Prev NEXT  


Are we living in a computer simulation?

So Now What?

Does living in a simulation change anything?
Does living in a simulation change anything?

Let's get this out of the way first: The simulation argument doesn't prove that we're living in a computer simulation. The argument is built atop assumptions. If one or more of those assumptions proves to be false, the argument is invalid.

Beyond that, the argument is unfalsifiable. A falsifiable theory is one that can be disproven in an experiment or observation. Science and the scientific method depend upon falsifiability. If there are no criteria under which a theory could be disproven, it's unfalsifiable and unscientific. For example, if I claimed that you're always being followed by a 2-foot-tall (0.6-meter-tall) mouse that's invisible, impossible to touch and makes no noise, that's unfalsifiable. There's no way to disprove my statement, which removes it from the realm of science.


The simulation argument falls into this category -- if we were to use the test method suggested by the three physicists, a negative result wouldn't necessarily mean we could state with authority that we aren't in a simulation. Perhaps the simulation would prevent us from discovering the truth. That's why the argument is philosophical rather than scientific. But for argument's sake, what would it mean to us if our universe were just a simulation?

If we never have any way of knowing, there's no reason anything would change. From our perspective, the universe would be as it always has been. But imagine that we find a way to prove beyond any doubt that we're inside a computer simulation.

The religious implications would be dramatic. We would have proof that there is some sort of creator. That creator may or may not resemble our religious icons. Any announcement that our universe is just a simulation would likely encounter skepticism and denial across a broad spectrum of people. The cultural and social implications are enormous.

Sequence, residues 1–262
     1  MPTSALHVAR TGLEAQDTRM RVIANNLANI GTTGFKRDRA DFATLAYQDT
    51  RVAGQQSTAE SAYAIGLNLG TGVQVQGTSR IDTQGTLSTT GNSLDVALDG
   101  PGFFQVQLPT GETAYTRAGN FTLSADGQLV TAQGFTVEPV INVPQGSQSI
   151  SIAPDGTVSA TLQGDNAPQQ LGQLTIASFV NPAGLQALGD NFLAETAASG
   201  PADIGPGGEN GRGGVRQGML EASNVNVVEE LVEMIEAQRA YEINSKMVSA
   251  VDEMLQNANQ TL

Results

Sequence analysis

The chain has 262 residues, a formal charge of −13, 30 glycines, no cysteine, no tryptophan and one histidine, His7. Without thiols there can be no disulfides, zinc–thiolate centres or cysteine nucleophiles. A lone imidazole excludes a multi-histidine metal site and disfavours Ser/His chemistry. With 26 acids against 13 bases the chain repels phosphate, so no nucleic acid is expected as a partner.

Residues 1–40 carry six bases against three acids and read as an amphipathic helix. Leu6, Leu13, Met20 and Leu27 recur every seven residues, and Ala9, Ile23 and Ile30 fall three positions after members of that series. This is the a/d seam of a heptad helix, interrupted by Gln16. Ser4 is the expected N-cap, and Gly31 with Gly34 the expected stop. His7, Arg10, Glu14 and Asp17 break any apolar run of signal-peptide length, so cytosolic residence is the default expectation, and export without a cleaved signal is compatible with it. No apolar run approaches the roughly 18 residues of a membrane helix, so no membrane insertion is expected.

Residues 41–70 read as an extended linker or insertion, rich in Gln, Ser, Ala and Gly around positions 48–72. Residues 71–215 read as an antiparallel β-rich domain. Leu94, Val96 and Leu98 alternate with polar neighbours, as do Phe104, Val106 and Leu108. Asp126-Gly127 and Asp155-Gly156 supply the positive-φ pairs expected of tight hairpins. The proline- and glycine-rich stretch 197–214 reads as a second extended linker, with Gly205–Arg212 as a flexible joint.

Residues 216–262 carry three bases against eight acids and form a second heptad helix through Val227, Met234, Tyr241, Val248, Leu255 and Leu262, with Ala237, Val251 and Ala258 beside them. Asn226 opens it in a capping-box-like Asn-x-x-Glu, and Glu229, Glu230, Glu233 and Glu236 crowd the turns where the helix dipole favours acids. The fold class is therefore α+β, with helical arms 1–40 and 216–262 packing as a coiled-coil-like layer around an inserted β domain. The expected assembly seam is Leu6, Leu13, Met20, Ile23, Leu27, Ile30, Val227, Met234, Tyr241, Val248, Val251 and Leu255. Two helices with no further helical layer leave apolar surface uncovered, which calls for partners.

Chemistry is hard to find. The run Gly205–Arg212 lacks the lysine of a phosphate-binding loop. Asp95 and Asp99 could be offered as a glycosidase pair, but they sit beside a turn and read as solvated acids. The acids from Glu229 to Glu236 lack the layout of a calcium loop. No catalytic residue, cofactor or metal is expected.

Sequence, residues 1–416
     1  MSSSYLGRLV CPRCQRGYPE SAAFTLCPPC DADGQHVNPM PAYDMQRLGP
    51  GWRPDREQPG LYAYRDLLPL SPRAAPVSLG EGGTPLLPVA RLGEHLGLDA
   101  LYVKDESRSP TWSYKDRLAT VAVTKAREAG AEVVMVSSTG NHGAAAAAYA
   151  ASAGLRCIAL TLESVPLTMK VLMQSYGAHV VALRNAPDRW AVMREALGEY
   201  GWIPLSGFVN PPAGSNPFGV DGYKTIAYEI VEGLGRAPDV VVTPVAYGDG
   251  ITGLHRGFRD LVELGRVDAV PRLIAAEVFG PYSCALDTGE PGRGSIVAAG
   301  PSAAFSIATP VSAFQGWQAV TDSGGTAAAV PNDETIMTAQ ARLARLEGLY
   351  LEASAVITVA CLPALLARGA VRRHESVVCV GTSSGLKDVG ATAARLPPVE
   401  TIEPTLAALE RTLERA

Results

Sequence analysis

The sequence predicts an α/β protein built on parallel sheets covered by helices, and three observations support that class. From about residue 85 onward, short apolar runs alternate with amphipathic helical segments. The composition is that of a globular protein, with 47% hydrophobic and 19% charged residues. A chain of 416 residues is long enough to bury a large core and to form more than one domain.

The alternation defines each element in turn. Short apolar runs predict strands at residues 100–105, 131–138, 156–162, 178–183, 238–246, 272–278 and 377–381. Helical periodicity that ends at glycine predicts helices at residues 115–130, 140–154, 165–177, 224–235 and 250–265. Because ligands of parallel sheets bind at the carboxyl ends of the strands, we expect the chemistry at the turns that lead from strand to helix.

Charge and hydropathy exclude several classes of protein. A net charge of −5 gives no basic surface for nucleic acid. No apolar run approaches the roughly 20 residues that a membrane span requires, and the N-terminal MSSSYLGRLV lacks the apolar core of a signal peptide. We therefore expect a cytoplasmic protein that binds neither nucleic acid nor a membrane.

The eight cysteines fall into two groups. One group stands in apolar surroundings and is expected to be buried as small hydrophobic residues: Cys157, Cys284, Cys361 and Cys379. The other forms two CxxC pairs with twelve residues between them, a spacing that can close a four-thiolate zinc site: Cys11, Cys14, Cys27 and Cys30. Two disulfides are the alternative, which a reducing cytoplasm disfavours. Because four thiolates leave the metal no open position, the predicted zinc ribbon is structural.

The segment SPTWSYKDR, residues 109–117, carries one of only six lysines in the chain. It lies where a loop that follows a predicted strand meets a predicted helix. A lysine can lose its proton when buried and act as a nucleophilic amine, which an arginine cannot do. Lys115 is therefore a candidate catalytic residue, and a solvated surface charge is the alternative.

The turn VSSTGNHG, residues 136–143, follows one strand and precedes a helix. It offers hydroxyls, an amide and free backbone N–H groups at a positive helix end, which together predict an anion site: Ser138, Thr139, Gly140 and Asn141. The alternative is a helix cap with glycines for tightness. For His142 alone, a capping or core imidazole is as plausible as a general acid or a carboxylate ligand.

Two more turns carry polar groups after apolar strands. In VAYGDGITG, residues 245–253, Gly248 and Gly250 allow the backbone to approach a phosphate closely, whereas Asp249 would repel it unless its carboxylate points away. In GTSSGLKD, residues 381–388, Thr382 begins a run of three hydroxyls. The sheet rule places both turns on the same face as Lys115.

From a practical, day-to-day perspective, things might not change that much. Even if everything we know and can know is a simulation, we still exist within that universe. We still eat, breathe, live and die. The conditions around us don't change whether we're in reality or some other reality's virtual world.

That could shift if we found some way to interact with the beings that created the simulation. It could mean that our world is similar to the one in the movie "The Matrix" -- by changing some code, we could end up drastically changing ourselves or our environment. Or it might mean they get bored with their simulation and shut the whole thing off.

Ultimately, there's no way for us to know right now if our universe is a simulation or not. But it sure makes you think, doesn't it?

Author's Note

I first became interested in this concept back when I took a philosophy course in college. It seemed like an interesting -- though unanswerable -- question: Is reality an illusion? We know that there are things we can't perceive going on all around us and that our brains influence our perception of events. But how far down does that subjective experience go? Then, in 2012, the computer simulation story popped back up as physicists suggested a possible test that could indicate we're all just computer data. I'm pretty sure that at the end of the day I don't really want to know.

Related Articles


  • Beane, Silar R. et al. "Constraints on the Universe as a Numerical Simulation." Cornell University Library. Nov. 9, 2012. (Dec. 1, 2012)
  • Bostrom, Nick. "Are You Living In A Computer Simulation?" Philosophical Quarterly, Vol. 53, No. 211, pp. 243-255.
  • Dillow, Clay. "How Do We Know We're Not Living Inside A Massive Computer Simulation?" PopSci. Oct. 11, 2012. (Dec. 1, 2012)
  • RationalWiki. "Simulation argument." Sept. 4, 2012. (Dec. 1, 2012)
  • Scholarpedia. "Lattice gauge theories." March 29, 2012. (Dec. 1, 2012)
  • Smoot Group. "The Strong Nuclear Force." (. 1, 2012)